Of the catastrophe bonds issued in the first-half of this year, just over $1.6 billion of risk capital issued is based on a trigger which utilises data from Property Claims Services (PCS). PCS, the leading source of data on insured property losses from catastrophes in the U.S., is involved in the trigger of 7 transactions that completed during the first six months of 2013.
PCS has just published its review of the catastrophe bond market for the first-half of 2013. It notes that cat bond issuance was just shy of the magic $4 billion mark, although it does not include the one life and health deal which took the ILS markets issuance according to our Deal Directory to $4.08 billion for the half.
PCS notes that cat bond issuance for the first-half of 2013 was up 8% on the first-half of 2012. It counts $3.9 billion of issuance from 17 transactions in 2013, compared to $3.6 billion from 16 transactions recorded in the first-half of 2012.
The average size of cat bond transaction for the first-half of 2013 comes out at $230m, based on the deals PCS includes, compared to $225m a year earlier. PCS notes that eight deals were under $200m in size but two larger cat bonds (Tar Heel Re Ltd. at $500m and Bosphorus 1 Re Ltd. helped to increase the average).
PCS either provides the trigger for, or its data is used for catastrophe designation, within seven cat bond deals issued in the first-half of this year. Those seven transactions amount to $1.6 billion of risk capital issued, the same volume it was involved in a year earlier although in 2012 it was over nine transactions. That is just over 50% of all U.S. focused issuance so far this year (see data below).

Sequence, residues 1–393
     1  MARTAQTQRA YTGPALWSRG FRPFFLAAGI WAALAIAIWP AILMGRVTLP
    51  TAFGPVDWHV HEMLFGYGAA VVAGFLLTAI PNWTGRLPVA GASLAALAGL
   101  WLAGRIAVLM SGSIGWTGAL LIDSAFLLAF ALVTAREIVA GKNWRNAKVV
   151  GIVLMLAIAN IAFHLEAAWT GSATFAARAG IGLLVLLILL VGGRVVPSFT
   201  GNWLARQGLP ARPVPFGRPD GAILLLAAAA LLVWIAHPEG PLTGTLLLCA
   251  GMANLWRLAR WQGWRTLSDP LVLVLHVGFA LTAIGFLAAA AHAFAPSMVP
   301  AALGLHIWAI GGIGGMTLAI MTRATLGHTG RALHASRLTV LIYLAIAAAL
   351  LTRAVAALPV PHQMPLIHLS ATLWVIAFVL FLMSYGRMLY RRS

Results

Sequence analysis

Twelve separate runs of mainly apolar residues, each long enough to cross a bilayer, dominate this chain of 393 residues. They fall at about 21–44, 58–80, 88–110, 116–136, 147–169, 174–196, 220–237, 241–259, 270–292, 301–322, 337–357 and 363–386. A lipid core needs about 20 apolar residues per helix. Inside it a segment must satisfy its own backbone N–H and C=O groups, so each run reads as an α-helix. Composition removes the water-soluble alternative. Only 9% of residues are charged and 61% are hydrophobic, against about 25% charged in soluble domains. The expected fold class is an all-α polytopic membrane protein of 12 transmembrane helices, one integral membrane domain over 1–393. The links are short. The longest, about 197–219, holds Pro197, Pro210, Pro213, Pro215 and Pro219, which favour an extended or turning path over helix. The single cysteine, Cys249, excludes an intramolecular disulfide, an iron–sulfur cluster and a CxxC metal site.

Two of the seven transactions (Tar Heel Re Ltd. and Residential Reinsurance 2013 Ltd.) actually use a trigger based on the sponsors indemnity losses, but PCS data is used for independent catastrophe designation so the firm still has a hand and provides data to the transactions triggers.
The first six months of 2013 has been dominated by U.S. peril catastrophe bonds, with only one transaction, Turkish quake cat bond Bosphorus Re, focused on a diversifying region of the world. However, some transactions included diversifying perils alongside a U.S. peril, such as Queen Street VIII Re Ltd. which includes Australian cyclone risks and Blue Danube II Ltd. which includes hurricane risk in Mexico, Central America and the Caribbean.
Thanks to strong second-quarter issuance of over $3 billion, the first-half of 2013 has seen catastrophe bond issuance levels near records, only beaten by the first half of 2007. Excluding Pelican Re, being issued by a public entity for which PCS data would not be as suitable a trigger, PCS data was involved in some way in 65% of the North American risk exposed cat bond issuance from the first-half of this year.
2013 has seen the fourth catastrophe bond containing Canadian risks which has used a PCS trigger since PCS began covering Canadian catastrophe events in late 2009. Tramline Re II Ltd. sponsored by Amlin used the PCS Catastrophe Loss Index for both U.S. and Canadian perils. Additionally, PCS said it has received increasing interest in using PCS loss data for Canada in industry loss warranties (ILW).
PCS has also seen its data being used within indemnity cat bonds in 2013. Two cat bonds (Tar Heel Re and Residential Re 2013), equating to $800m in risk capital, use PCS for independent catastrophe designation. This means that only indemnity losses from events which have been given a PCS catastrophe serial number can qualify under the terms of the cat bond. This means the catastrophe events have to cause a $25m industry loss, as PCS won’t give a catastrophe serial number to a less serious event, and also that only losses from catastrophes are included.
The full report from PCS contains additional insight and information, as well as an update regarding hurricane Sandy loss estimates. You can access the full report from PCS here.
Find details of every catastrophe bond issued so far in 2013 in our Deal Directory.
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